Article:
Tribe pitchers break down each others' best

MLB.com asked each, which pitch would you steal from your teammate?

Tribe pitchers break down each others' best

GOODYEAR, Ariz. -- If the Indians are going to experience October baseball again this season, the rotation likely will have lived up to all the preseason hype.

As Cleveland prepares for the season ahead, multiple outlets have projected the club to be capable of an American League Central crown and a postseason run. A large reason for the Spring Training optimism is the makeup of the Tribe's starting rotation, which will feature Corey Kluber, Carlos Carrasco, Danny Salazar, Trevor Bauer and likely one of Josh Tomlin or Cody Anderson.

Indians Spring Training info

"When you're running pitching out there every night that gives you a chance, it feels good," Indians manager Terry Francona said. "We feel like our pitchers will give us a chance to win. I think we feel like they're all getting better and, because of some of our younger guys, we're going to have some depth."

The group also features a variety of unique pitches. Kluber's curveball played a big role in his run to the AL Cy Young Award in 2014, while Carrasco and Salazar have toyed with hitters with devastating changeups. Bauer seemingly has every pitch in the book up his sleeve, Tomlin relies on pinpoint control with his fastball, and Anderson's offspeed pitch fooled plenty of hitters during his rookie campaign last summer.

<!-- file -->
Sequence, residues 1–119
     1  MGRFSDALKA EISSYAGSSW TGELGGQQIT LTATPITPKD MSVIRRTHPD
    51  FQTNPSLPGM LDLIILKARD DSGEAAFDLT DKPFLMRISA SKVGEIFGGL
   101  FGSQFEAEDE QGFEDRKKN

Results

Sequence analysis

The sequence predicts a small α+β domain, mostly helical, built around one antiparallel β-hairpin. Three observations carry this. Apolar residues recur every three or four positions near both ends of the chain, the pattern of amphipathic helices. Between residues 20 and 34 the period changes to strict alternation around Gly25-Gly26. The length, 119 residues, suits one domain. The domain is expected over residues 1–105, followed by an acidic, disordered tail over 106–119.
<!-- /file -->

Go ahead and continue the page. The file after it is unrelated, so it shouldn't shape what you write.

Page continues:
With that in mind, MLB.com asked each of the six Indians starters this question: If you could steal a pitch from one of your fellow rotation members, which would it be and why?

Here are the results:

Kluber's curveball

About the pitch
Kluber's breaking ball is considered a curveball, but it has movement similar to a slider as well. He has thrown it a little more than 15 percent of the time over the past two years, during which he has established himself as one of the American League's elite starters. Fangraphs.com gave Kluber's curve a 16.8 pitch value rating in 2015, ranking it second to only the curve featured by Seattle's Felix Hernandez (19.7). Kluber threw it 83.7 mph on average in '15, providing the bottom of his three-tiered velocity approach. His sinker averaged 93.8 in '15 and his cutter came in at 89.4 mph on average.

Who picked it?
Anderson:
"It'd have to be Kluber's power curveball, because it's like a boomerang. It almost comes back to him. He kind of throws it like a two-seam curveball, so it's a little awkward for me to try to do. I've got a decent changeup that plays all right, so I'd definitely have to take his curveball, if I could."

Carrasco: "I think it's got to be Kluber's curveball. It's kind of coming like a fastball, but at the end it has too much depth. That's why I want that curveball. Yes, I [tried to throw it] last year, but I think I need to practice it a little bit more. I think he puts something more at the end, kind of a little bit more power. I've tried to do it, but mine's kind of easy. I need to practice more on the end."